‘Free’ legal aid court fee of €130 too expensive for some

Limerick family courts hears how some can not afford legal aid

Limerick Courthouse. Photograph: Brenda Fitzsimons

Limerick Courthouse. Photograph: Brenda Fitzsimons


Some people appearing before Limerick district family court cannot afford “free” legal aid, Judge Mary Larkin said yesterday.

The judge, who had more than 50 cases before her in Limerick Courthouse, said she was “very well aware of the legal aid contribution” required by the Legal Aid Board.

The board manages civil legal aid for people on low incomes. It requires a minimum contribution of €130 if someone is to be represented in court. For people with an annual disposable income of over €11,500 the charge is higher.

In one case, a man was asked to contribute €227. In another, the judge was told an adjournment had been given in an access and maintenance application to allow a father to obtain legal aid, but he returned to court without it. “I couldn’t afford the €130,” he said.

Judge Larkin gave the man, and others during the day, information on Limerick Community Law and Mediation Centre. The centre could not represent people in court but provided free legal advice, she explained.

“I’ve asked a lot of people to go there because they can’t afford the contribution,” she said.

The judge also told the court she would try to limit her cases from now on to 35 a day, which was “still more than they are expected to do in Dublin”.

‘Several digs’

Among the many cases before her, a man sought a safety order against his brother. He said he had given him “several digs in the head” earlier this month. And on another occasion, the man said his brother had split his head with a hurley. He told Judge Larkin he called the gardaí on several occasions but did not press charges.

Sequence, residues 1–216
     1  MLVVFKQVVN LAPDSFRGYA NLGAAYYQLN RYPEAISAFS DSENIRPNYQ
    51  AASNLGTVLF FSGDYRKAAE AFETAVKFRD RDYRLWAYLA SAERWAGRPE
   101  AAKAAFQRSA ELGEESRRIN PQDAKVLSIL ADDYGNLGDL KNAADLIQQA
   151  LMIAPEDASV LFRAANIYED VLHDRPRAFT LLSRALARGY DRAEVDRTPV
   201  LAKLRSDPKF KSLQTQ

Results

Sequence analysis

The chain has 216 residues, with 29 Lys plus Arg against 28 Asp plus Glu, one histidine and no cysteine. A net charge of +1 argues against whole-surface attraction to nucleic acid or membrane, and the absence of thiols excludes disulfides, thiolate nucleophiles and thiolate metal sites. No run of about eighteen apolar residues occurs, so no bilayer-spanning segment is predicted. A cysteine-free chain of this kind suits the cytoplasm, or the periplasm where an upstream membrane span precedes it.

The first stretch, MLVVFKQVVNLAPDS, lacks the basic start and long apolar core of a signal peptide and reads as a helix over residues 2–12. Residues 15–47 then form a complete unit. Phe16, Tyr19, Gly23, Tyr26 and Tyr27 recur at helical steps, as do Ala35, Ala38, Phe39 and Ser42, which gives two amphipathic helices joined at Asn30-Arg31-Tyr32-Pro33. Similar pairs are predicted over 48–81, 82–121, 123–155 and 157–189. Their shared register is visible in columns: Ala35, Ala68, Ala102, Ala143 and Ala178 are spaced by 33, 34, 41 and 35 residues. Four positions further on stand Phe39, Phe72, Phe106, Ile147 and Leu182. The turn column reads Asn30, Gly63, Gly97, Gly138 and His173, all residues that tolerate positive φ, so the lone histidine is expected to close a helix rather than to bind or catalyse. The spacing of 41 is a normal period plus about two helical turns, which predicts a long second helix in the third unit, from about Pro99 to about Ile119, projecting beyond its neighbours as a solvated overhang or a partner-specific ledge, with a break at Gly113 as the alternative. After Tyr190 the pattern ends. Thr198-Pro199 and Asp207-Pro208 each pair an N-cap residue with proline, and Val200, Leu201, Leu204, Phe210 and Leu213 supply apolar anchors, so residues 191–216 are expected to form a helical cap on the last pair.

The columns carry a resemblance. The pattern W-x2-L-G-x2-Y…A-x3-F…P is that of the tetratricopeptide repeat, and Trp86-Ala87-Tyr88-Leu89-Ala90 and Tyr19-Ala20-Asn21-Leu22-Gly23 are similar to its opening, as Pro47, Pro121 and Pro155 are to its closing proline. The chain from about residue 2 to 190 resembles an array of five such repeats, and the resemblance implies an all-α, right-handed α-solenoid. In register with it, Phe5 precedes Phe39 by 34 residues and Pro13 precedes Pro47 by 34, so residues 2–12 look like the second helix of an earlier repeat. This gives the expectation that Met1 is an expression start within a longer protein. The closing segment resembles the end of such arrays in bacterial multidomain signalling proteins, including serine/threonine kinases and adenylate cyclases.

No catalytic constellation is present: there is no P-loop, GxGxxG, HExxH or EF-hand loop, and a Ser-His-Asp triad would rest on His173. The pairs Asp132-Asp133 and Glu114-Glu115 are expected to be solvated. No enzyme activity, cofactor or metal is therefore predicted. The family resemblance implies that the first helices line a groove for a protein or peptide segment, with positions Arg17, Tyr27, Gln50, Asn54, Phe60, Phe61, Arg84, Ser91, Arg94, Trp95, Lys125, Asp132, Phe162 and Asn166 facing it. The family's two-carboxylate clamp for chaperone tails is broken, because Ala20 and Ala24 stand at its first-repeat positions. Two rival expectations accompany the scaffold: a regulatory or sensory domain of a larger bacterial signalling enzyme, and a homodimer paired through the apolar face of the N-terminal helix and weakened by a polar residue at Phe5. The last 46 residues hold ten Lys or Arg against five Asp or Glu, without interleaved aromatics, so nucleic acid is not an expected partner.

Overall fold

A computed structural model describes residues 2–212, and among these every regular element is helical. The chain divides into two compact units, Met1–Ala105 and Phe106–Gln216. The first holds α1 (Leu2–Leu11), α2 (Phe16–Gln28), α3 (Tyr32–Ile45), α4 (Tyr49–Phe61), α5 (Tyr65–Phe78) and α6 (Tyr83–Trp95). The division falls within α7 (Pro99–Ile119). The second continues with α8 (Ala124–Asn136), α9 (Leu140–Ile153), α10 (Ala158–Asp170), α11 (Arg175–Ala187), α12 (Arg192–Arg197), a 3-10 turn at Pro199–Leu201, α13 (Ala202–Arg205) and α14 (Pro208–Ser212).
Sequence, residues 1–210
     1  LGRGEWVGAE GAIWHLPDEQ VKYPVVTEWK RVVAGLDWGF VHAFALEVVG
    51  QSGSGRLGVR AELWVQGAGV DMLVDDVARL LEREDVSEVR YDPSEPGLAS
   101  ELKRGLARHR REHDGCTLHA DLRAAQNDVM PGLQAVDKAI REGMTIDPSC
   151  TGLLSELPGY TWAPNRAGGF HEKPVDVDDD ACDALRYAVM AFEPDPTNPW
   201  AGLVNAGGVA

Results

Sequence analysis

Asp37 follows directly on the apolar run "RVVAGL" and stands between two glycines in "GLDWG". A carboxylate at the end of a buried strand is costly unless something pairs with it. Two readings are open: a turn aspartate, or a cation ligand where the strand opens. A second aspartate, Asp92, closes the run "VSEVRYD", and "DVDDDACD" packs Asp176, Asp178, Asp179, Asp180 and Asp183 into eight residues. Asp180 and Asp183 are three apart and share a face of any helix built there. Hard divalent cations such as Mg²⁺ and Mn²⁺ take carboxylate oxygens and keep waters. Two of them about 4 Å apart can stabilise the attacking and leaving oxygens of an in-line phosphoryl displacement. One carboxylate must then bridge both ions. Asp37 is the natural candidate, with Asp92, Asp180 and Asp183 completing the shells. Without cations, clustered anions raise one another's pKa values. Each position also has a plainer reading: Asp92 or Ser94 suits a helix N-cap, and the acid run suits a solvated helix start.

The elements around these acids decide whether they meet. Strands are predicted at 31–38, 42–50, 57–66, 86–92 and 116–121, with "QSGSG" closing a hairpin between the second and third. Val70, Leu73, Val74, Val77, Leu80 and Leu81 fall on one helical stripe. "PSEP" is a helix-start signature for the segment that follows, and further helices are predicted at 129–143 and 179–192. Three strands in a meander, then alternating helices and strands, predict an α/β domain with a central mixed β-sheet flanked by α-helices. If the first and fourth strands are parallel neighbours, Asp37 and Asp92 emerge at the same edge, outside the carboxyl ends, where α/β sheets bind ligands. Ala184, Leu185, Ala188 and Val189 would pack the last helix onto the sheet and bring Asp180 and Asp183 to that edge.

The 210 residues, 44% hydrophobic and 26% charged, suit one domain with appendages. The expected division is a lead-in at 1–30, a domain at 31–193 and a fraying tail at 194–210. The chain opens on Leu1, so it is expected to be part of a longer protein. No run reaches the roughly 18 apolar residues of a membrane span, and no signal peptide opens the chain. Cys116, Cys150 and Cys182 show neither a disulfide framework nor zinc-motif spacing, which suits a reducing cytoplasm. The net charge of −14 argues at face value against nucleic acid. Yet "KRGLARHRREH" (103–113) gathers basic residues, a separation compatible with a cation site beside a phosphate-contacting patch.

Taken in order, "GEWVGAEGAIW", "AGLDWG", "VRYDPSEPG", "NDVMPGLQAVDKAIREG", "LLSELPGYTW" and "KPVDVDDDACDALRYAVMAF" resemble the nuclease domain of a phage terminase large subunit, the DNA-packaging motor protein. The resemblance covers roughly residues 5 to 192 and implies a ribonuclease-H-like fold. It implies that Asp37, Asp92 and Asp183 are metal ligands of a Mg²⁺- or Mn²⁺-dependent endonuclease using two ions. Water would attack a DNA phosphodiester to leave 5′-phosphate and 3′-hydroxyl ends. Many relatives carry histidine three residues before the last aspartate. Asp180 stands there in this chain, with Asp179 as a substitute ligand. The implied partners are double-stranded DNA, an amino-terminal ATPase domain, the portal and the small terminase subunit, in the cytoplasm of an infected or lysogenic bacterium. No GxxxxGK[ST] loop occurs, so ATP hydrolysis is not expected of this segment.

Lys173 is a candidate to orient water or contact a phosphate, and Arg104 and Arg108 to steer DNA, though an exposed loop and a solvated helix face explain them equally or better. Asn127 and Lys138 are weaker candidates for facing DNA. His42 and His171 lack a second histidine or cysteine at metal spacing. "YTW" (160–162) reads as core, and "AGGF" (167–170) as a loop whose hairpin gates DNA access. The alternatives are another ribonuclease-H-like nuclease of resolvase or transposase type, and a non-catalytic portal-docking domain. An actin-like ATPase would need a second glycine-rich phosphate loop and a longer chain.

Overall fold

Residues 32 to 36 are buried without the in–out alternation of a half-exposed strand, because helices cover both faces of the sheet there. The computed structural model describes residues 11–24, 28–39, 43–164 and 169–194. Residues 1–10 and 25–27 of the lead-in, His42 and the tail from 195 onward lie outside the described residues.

The judge, noting the man’s brother was not in court, granted the safety order, which requires a named person not to use or threaten to use violence against an individual.

In another case, a mother sought a safety order against her daughter who, she said, had threatened to stick her head in the sink and had put her fist up to her face. The judge said she was surprised the daughter had not attended court. She granted the order for five years.

In a case involving access to a young child, the judge noted the mother had left the father’s home country to take the child on holiday to Ireland and refused to return.

The father was entitled to have his case heard in his home country under the Hague Convention, an international agreement on child abduction, but he didn’t proceed because threats were made against him.

The judge said she recalled from a previous court hearing that an email had been sent by the child’s Irish grandfather saying he was a friend of a named politician and would “arrange a revenue audit” for the father.

A solicitor for the mother said his client could not be held responsible for emails her father sent.

The judge ruled the child’s father should be allowed to see his young child every day while he was in Ireland and the child would be old enough to travel to his home at Christmas from next year. It would also be acceptable for the father to take the child out of the country for a holiday while he was visiting Ireland. The child had “two international parents and should enjoy the benefit of it”.